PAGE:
Depending on which side of the political divide you occupy, central characters –  Pravin Gordhan, Mcebesi Jonas, Jacob Zuma, Ahmed Kathrada, Gwede Mantashe et al – would be to you either villain or hero. And then came the recent Easter break when the curtain fell for interval. Apart from the unseemly off-stage spat that played out between the two drama-queens playing the part of Police Minister Berning Ntlemeza and Fikile Mbalula, the actors took a break and the audience enjoyed some well-earned respite from the break-neck pace of the show.  But the theatrical metaphor is good only to a point. Thereafter it becomes misleading and possibly even demobilising. Whilst it works for the main characters, it assumes that the citizenry plays the part of the audience; passive spectators laughing, clapping, crying and jeering with no impact on the unfolding narrative after buying our tickets – read paying our taxes and voting. This of course has – with some notable exceptions – been dishearteningly true, as we have sat back and watched the unfolding story of the first two decades of our democracy. There are two main reasons for this passivity: either we believed what the show’s poster promised, or we hoped that that the whole production would be a flop so we could say; “I told you so!”. Either way – we are all now in a witch’s brew of Macbethian proportions asking how we got here and wishing we could go back and rewrite the script. Perhaps something like: “Somewhere Over the Rainbow”? But take heart; the end of the first half saw the drama take a turn. As Pravin Gordhan became an unlikely romantic lead, the thing became edge-of-your-seat edgy; alive; even dangerous – in a good way.  And as the tension rose, so too did the dissatisfied rumbles and dissenting mutterings of the audience; the resultant metaphorical raining of raw eggs and tomatoes on the underperforming players, turned into a full-on storming of the stage. And apart from the usual antics of the leads and some very unusual dramatic timing; Ahmed Kathrada’s death, Zuma and Gordhan sharing a birthday in the middle of it all – stuff you wouldn’t script for fear of being dubbed corny – the audience is what has made this the beginning of the end of this current drama. For the most significant time in nearly two decades, huge numbers of us rose, donned our costumes, took up our props and stormed the stage.  And whilst the whole devilish plot was designed to force us to look stage left whilst the villains walked off with the treasure stage right; whilst crafty sleight-of-hand was being used to sow division through carefully constructed PR campaigns and the manufacture of terms like radical economic transformation- the fog was clearing and the audience was murmuring about the rottenness in the state. And from here – more and more – the show becomes totally interactive; the audience is now on stage and in many cases becoming the lead players. This is the drama of democracy at its best; it’s most healthy. He is a very calculating President but not even he could have predicted this. He took a chance that we would – as we have always done – sit and watch. But it backfired badly. Ironically his attempts to divide and conquer resulted in us uniting and fighting back.   And a new narrative has begun; of that there is no doubt. A caution as the bell rings for interval: we mustn’t be tempted to return to our seats. The show is nowhere near over. The break simply allowed us to draw breath, gather our strength and storm the stage again. Who knows how many times we must do this?  I imagine many, many times more. And this must not be interpreted as just marching – that’s just the marketing campaign for the show. I wrote recently about each of us taking the time to determine our unique role in this drama. But this is very tough for most of us because we simply do not know what to do. But we must not sit. We must stand up and walk out; onto the streets and into the malls, offices and places of worship in our communities. And once there, we must be better than those who are working to destroy us and our country. Yes, we must speak out against them, but then we must be the opposite of them too; defy the label of “racist” by being uncompromisingly non-racist; enact “radical economic transformation” by being radically generous with our time, money and expertise; be unscrupulously honest and incorruptible in all our dealings. This is the formula for a new narrative: we must push and pull.   That means that we do not only protest against something old and rotten but we create something altogether new and healthy. The excitement is building as we enter the most challenging but also the most exciting stage of or drama. Thank you Mr President for creating the perfect conditions. Justin Foxton is founder of The Peace Agency His writing is dedicated to the memory of Anene Booysens and Emmanuel Josias Sithole.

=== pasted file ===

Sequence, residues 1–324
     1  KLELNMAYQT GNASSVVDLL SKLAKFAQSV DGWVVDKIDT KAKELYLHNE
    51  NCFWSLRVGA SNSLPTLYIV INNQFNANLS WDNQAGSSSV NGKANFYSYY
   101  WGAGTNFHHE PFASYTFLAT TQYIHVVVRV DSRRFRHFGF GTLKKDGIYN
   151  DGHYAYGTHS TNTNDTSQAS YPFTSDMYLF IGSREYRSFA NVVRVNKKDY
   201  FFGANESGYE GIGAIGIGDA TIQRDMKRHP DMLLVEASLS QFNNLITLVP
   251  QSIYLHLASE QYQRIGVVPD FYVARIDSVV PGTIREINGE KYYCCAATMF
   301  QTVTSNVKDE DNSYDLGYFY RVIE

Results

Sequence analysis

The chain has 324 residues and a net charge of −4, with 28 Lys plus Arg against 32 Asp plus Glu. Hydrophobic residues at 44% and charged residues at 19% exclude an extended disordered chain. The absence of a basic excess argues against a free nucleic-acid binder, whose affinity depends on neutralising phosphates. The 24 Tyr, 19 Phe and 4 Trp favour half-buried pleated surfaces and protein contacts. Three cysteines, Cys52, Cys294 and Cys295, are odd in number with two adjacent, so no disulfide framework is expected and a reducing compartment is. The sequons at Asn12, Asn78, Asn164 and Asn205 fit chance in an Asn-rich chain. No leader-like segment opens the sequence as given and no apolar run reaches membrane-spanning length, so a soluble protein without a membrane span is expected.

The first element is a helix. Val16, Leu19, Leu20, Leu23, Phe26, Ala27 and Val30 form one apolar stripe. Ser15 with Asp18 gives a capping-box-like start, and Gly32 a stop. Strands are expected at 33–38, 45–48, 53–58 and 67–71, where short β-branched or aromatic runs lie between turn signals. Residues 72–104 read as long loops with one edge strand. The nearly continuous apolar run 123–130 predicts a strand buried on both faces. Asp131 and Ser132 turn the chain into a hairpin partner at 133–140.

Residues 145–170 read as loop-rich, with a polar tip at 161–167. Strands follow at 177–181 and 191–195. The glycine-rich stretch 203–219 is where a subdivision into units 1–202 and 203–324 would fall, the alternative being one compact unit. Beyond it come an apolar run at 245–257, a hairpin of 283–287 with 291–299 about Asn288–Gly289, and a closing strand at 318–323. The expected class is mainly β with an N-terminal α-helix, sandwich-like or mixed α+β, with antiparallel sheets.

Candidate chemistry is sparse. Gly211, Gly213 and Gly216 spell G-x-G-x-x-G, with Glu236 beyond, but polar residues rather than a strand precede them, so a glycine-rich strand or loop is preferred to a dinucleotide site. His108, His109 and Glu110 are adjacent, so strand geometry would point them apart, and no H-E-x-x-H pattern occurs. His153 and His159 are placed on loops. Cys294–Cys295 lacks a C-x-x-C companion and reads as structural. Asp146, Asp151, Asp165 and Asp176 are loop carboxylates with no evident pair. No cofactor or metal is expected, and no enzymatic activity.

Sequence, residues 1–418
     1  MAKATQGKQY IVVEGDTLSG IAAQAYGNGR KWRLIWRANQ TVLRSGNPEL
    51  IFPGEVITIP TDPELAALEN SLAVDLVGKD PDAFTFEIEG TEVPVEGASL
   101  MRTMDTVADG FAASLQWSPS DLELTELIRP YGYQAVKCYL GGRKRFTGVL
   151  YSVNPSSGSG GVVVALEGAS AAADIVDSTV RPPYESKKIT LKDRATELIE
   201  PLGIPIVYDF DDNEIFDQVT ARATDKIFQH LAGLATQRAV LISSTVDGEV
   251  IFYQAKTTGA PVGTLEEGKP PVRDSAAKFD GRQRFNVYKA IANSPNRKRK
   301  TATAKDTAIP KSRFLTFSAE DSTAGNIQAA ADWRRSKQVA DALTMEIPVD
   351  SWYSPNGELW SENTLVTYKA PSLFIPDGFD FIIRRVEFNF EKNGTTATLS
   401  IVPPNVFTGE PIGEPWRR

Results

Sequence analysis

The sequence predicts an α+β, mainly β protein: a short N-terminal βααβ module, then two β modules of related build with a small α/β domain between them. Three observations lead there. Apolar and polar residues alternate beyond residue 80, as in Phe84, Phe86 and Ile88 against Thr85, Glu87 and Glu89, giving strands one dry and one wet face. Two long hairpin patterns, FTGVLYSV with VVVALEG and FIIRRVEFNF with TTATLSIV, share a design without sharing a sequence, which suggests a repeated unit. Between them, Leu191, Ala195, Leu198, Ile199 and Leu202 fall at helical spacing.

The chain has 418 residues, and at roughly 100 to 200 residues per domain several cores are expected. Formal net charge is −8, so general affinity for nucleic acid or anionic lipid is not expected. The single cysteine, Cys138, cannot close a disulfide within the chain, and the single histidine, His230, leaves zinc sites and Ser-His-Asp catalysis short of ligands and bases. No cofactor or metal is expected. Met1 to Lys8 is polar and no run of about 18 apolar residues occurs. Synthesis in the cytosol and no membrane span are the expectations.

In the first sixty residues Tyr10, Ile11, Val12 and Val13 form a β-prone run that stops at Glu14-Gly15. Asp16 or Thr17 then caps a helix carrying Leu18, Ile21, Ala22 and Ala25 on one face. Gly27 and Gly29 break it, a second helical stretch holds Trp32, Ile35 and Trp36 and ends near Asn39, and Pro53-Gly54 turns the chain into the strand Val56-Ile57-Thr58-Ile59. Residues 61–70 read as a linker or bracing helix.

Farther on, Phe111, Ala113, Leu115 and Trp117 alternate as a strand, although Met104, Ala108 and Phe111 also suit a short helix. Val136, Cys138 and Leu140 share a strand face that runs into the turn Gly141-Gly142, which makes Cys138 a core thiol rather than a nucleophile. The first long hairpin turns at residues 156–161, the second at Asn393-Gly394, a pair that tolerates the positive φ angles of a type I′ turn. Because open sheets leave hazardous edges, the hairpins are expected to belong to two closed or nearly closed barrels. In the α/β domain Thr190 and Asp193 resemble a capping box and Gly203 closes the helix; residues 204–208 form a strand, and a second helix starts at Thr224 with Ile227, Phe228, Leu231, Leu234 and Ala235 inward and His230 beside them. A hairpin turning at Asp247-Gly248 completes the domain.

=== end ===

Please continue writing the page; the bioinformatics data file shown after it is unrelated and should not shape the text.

How to Perfect Corruption